Development experts and critics who spoke to the Guardian have called for a “global reset” of an aid industry they say is outdated and already facing pressure to reform.
This year one in every 33 people across the world will need humanitarian assistance. That is a rise of 40% from last year, according to the UN. More than half of the countries requiring aid to help deal with the coronavirus pandemic are already in protracted crises, coping with conflict or natural disasters.
Even before Covid-19 threw decades of progress on extreme poverty, healthcare and education into reverse, aid budgets were heading in the wrong direction. In 2020, the UN had just 48% of its $38.5bn (£28bn) in funding appeals met, compared with 63% of $29bn sought in 2019.
The UK’s cuts to aid alone, from 0.7% to 0.5% of gross national income, are projected by aid groups and MPs to result in 100,000 deaths, 1 million girls leaving school and 5.6 million children going unvaccinated.
“Need is outstripping funding,” said Angus Urquhart, crisis and humanitarian lead at Development Initiatives. “We’re seeing a perfect storm gathering.”
Britiain’s prime minister has been urged to act after two more MPs in his party have been linked to figures spreading Covid conspiracy theories or making discredited claims.
Last week, it emerged that Desmond Swayne, a former Conservative minister, encouraged anti-lockdown street protesters to “persist” and suggested NHS capacity figures were being “manipulated” to exaggerate the impact of the virus.
Questions are now being asked about the judgment of a further two MPs: Andrew Bridgen – who defended Swayne during an interview on YouTube of a controversial former BBC journalist whose posts have been taken down for spreading false information about Covid – and Adam Afriyie, the MP for Windsor.
It comes as the government is battling against baseless online conspiracy theories and misinformation.
The latest cases prompted the deputy leader of the opposition Labour party, Angela Rayner, to call on the prime minister to “wake up” to the threat of disinformation and conspiracy theories being legitimised or perpetuated from within his party’s ranks.
Von der Leyen: EU should have “thought more” about vaccine production
The UK is a “speedboat” while the European Union is a more cumbersome ship, Ursula von der Leyen has said in defence of the vaccine shortages in the bloc.
In an interview with various newspapers, the European commission president said the bloc should also prepare itself for further “obstacles” and “production problems” and even “shortages” of components.
She said: “In Europe, we aim for 70% of the adult population to be vaccinated before the end of the summer. It’s not nothing … there will certainly be other obstacles, other problems in production. We must also be prepared for possible shortages of raw materials or of certain components of the vaccines.”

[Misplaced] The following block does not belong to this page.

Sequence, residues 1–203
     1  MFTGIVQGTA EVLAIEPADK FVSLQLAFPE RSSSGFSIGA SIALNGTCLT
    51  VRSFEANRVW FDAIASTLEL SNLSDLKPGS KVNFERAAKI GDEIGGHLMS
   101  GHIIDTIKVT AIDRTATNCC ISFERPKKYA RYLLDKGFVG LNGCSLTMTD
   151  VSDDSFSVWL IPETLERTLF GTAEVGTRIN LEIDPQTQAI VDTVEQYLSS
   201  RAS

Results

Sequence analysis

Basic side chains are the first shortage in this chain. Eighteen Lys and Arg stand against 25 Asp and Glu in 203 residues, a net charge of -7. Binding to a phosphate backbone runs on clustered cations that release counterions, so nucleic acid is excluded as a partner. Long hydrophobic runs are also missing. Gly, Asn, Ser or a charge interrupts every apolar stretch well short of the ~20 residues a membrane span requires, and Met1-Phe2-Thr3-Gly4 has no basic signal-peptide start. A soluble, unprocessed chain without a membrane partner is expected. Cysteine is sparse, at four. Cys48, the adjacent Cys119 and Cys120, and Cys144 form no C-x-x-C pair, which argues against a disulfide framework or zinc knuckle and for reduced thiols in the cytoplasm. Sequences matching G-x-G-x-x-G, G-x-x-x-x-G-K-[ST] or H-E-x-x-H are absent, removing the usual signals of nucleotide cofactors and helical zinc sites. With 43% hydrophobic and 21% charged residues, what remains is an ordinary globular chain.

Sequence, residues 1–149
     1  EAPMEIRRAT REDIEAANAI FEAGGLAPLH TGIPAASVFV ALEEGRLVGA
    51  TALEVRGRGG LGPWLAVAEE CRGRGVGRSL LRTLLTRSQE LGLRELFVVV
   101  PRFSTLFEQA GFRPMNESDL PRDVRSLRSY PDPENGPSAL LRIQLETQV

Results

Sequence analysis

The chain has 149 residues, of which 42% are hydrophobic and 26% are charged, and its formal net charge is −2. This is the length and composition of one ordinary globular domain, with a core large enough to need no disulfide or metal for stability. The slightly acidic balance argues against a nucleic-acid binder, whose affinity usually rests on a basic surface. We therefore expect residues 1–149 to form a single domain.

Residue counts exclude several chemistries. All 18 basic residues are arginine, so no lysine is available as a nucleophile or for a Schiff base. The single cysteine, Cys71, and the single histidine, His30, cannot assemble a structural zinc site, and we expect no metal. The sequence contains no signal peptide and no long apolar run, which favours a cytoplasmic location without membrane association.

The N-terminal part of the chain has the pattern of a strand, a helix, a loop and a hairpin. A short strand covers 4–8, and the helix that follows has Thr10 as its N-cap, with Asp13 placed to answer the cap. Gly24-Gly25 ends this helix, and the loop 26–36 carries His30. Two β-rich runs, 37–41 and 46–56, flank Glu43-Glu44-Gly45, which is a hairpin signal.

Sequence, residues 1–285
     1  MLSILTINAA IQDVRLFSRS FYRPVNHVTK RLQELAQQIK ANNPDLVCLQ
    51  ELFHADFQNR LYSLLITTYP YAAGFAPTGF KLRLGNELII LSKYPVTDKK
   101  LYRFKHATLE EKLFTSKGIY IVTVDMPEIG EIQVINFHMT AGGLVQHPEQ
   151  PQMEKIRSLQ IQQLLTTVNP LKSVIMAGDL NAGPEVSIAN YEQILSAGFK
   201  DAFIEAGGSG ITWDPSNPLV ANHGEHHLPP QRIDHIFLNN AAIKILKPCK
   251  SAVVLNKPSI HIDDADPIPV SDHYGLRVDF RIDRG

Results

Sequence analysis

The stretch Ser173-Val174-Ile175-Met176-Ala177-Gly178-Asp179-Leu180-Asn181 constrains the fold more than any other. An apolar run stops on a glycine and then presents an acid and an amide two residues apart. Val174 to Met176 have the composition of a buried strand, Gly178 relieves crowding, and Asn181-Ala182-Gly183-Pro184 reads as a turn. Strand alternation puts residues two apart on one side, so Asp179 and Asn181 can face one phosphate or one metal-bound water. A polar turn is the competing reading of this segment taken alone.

She added that “looking in the rearview mirror”, the EU should have thought more about mass production and the challenges it poses. “We should have warned, explaining that at the beginning, the process would not be smooth, that there would be ups and downs,” she said.
She continued: “Alone, a country can be a speedboat, while the EU is more like a ship. Before concluding a contract … the 27 member states had five full days to say whether they agreed or not. This naturally delays the process … The United Kingdom has chosen the path of emergency marketing authorisations, we have chosen another.”
Good morning from London, on a day when new battles are looming over when the UK’s lockdown should be lifted amid some indications that the rate of Covid-19 has been dropping.
This is Ben Quinn picking up the blog now as a focus also continues to fall on the question of restrictions on incoming travel after it was disclosed new coronavirus quarantine hotels intended for quarantine will not come into force until mid-February.
As cases fall, a former minister for Britain’s health system has meanwhile told the Guardian that the government should take a cautious approach to lifting lockdown in England so that new coronavirus cases can be driven down to a manageable level of 1,000 a day.
Jeremy Hunt, who is the chair of the health select committee, said the government should aim at suppressing Covid sufficiently to make a South Korean-style approach of intensive contact tracing possible.
Looking at some of the events in the hours ahead, they include:
- The results of a weekly Covid-19 “social impact survey” by Britain’s Office for National Statistics (ONS) at 9.30pm (local time).
- The results of an ONS infection survey at noon.
- French president Emmanuel Macron and the German chancellor Angela Merkel will hold a virtual news conference after meeting.
The Covid crisis dominates the British press this morning, with some signs of optimism coming through. “Return of sport and socialising outdoors,” says the Times, while the Mail reckons “Most Covid curbs ‘to end in May’”. In Scotland, the Press & Journal reports on lower case rates: “At last there’s a ray of sunshine in Covid battle.” The Express sees optimism in the economy – “Shot in the arm for Britain plc” – and the Mirror has “Delivery of hope” about its campaign for school supplies. The Guardian leads with our exclusive on Jeremy Hunt’s warning about lockdown: “Hunt: Don’t end lockdown until Covid cases fall to 1,000 a day,” while the Telegraph says “Ministers requisition 28,000 quarantine hotel rooms.”
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